The city of Florence definitely strived for difference and power. The Medici family was significant in making Florence the cultural capitol that it is today. Although wealthy, the Medici’s had to work for their noble status. They learned to trade and navigate politics to position themselves into a place of power. They were extremely influential during the Renaissance era, especially when it came to artwork. They brought highly-valued artwork to the city, which can be seen in the Uffizi Museum, with much of it shedding light to a feministic view, a perspective that wasn’t often seen during that period as women were often ignored. Even today, the Medici’s are lauded for their influence which helped shift attitudes towards women, as seen with the paintings of Venus within the Museum.

Although I felt very empowered as a woman while I looked at all the artwork, I noticed that attitudes of the modern men of Florence. Perhaps it is because Florence is so widely visited, but it seemed men were all too enthusiastic to objectify women. Of the cities we’d visited, I felt Florence was the least safe for women, particularly at night. It was an unfortunate attribute of an otherwise beautiful, empowering experience.

Before Florence had been established, the Piazza della Repubblica played a significant role in its relationship to ancient Rome. Today, with its carousel, stores, and small restaurants, it attracts many student tourists, such as myself. The first thing I noticed was the column that stands inside of the square. The column is called the “Column of Abundance” and is placed exactly where the Roman Forum used to be held. As this spot was once a place where people with different values came to express them, the feelings of diversity and unity flushed through me and back into the piazza. It was originally the center of the city and was filled with markets and was constantly crowded. However, the area became a ghetto when Cosimo the first came into power. It was said that during this time there was a bell attached to the column, which was used to warn others when something bad was coming. Today, however, there is no threat, and the carousel and other attractions gathers people much in the way the Forum used to during the Roman era. The Piazza della Repubblica continues to stand as one of the most famous squares in Florence for its history and beauty.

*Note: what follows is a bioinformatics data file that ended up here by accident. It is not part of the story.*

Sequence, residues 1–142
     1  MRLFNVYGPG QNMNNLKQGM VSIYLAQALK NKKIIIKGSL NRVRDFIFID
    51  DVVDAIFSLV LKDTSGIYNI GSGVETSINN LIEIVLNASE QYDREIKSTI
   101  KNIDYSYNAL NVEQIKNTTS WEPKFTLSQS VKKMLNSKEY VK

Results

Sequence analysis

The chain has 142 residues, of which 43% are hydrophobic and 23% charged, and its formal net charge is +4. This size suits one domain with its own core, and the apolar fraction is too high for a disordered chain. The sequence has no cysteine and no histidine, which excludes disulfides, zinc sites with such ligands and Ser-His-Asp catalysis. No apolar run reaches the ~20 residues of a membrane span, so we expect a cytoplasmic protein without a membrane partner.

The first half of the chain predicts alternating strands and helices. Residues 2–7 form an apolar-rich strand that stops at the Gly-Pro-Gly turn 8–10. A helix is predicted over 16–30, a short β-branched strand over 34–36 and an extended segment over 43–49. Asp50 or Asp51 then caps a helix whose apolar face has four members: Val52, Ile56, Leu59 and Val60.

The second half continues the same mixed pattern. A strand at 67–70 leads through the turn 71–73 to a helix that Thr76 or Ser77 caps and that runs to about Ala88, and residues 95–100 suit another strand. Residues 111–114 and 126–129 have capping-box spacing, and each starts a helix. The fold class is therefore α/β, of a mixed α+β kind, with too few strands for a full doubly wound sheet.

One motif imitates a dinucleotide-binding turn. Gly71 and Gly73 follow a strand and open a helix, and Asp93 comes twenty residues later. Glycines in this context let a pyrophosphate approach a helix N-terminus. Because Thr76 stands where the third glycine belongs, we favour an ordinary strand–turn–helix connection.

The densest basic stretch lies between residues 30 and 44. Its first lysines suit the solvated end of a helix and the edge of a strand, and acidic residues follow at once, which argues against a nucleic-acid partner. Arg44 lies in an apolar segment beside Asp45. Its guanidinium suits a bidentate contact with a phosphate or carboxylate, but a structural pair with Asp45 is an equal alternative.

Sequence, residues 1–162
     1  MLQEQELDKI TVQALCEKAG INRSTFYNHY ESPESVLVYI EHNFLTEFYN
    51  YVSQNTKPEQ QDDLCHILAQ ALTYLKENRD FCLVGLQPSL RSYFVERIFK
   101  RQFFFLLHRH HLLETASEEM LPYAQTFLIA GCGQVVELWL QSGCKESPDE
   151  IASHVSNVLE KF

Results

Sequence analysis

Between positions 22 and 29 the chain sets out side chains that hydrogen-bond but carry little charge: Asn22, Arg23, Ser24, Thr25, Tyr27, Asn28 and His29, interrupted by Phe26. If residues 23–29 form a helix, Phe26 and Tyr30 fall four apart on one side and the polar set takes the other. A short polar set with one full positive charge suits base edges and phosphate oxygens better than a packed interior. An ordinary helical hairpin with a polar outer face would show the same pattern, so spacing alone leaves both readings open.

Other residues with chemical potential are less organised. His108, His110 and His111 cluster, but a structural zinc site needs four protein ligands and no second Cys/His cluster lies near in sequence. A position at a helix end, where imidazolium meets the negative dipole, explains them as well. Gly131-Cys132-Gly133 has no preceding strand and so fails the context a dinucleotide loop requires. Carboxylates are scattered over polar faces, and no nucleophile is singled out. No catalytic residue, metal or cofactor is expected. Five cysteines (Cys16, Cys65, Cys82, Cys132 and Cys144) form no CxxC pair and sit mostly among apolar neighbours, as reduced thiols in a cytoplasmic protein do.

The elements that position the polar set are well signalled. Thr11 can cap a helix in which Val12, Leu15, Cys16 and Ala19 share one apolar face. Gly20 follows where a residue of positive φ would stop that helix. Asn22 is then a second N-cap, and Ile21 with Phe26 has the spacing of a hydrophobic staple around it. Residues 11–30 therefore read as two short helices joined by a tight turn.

In Cinque Terre: a Town called Vernazza. CC by 4.0.